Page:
How things worth reading are connected

discover new overlap niches to work in or write on

What kinds of connections?

The entire sample memo is freely available. Topics of some of the memos that followed:
Go to Pink | Cellularity

Pink | Cellularity

Pink is for girls and blue is for boys, right? You’d be surprised. And in how many ways is that not entirely right?


Single-celled organisms are small and simple. Multi-cellular forms of life are large and complex, right? Not so fast.

Go to Ethical Insiders | Ants

Ethical Insiders | Ants

What connects Jerry Maguire, the Trump Administration,  Goldman Sachs, the Nature journal, the IMF and more? 


Of course ants colonies are highly organised and protected with sophisticated weapons. But in how many others ways are ant societies similar to complex human civilization?

Go to Prices | Night-vision

Prices | Night-vision

Supply-demand graphs are the most basic way to understand markets. But educated people also need to know the obvious caveats in the real world.


How are night-vision goggles a cool way to explain what climate change really is? And in what other ways is infrared light connected to climate change?

Was the sample worth your time? Worth half a coffee?

Who is this for?
What does it offer?

The inter'angle memo is published twice a month. It is far more than a newsletter or aggregator: every issue tries to present new angles for looking at the world, across a wide range of topics.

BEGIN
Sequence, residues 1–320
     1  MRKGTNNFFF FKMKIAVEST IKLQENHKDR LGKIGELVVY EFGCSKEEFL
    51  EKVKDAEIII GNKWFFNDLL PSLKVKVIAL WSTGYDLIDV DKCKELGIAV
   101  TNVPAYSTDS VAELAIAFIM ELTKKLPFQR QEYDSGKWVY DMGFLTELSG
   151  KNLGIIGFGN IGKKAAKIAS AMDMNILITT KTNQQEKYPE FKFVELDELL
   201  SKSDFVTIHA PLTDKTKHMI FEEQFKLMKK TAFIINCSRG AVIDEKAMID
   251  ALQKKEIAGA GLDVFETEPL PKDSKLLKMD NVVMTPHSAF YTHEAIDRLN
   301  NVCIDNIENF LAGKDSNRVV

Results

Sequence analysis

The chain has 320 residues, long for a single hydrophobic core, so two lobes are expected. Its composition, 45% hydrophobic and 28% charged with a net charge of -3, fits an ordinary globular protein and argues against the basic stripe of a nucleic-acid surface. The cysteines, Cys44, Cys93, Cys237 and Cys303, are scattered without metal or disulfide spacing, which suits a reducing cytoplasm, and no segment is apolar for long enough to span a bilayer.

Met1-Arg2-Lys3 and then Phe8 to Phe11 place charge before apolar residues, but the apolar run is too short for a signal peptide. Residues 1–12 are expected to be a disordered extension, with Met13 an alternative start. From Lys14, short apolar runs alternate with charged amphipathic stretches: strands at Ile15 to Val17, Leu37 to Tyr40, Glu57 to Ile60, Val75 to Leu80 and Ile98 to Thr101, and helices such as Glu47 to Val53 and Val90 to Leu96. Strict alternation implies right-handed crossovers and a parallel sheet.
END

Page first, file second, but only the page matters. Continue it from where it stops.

It is mainly aimed at students writing applications, journalists writing pitches, researchers writing proposals and writers - anyone who needs to come up with new things worth pursuing - but also anyone who is curious and wants to understand more and better.

Its main features are explained on the right (or below on mobile). The tweets below give an indication of the range of topics (economics, language, science, geopolitics, maths, films, history, sports and more).

But tweets have a character limit. Really the best way to get a feel for what you'll be getting is to read a sample issue.

  • For anyone about to apply to a school or job, write an article pitch or research proposal, new ideas are how you will set yourself apart. The more you read, the wider your horizon is, the sooner you will get that one original idea. But there's no time to read it all! If you only have a few hours a week for calm retentive reading, wish you had hand-picked links to spend that time on?

  • It's not just what and how much to read, but why something is worth the time. About 70% of the time (that's what the numbers indicate), the memo will put side by side, two things that you might otherwise not have. Because they might be from different times, different topics, different countries or simply not at all analogous at first glance. Creativity thrives on making new links between seemingly unrelated ideas.

  • It will also consistently try to show that the world is not what it seems and hence, more interesting and more complex than it appeared yesterday. One month, the memo may contain stunning facts about a business or animal; in a few months, it will show that even that was not the complete picture. That's the second 'why'.

We have a track record for cool connections

Even within 140 characters. @microangling has been at it for years!

Whole year at the price of a cheap book - why miss another issue?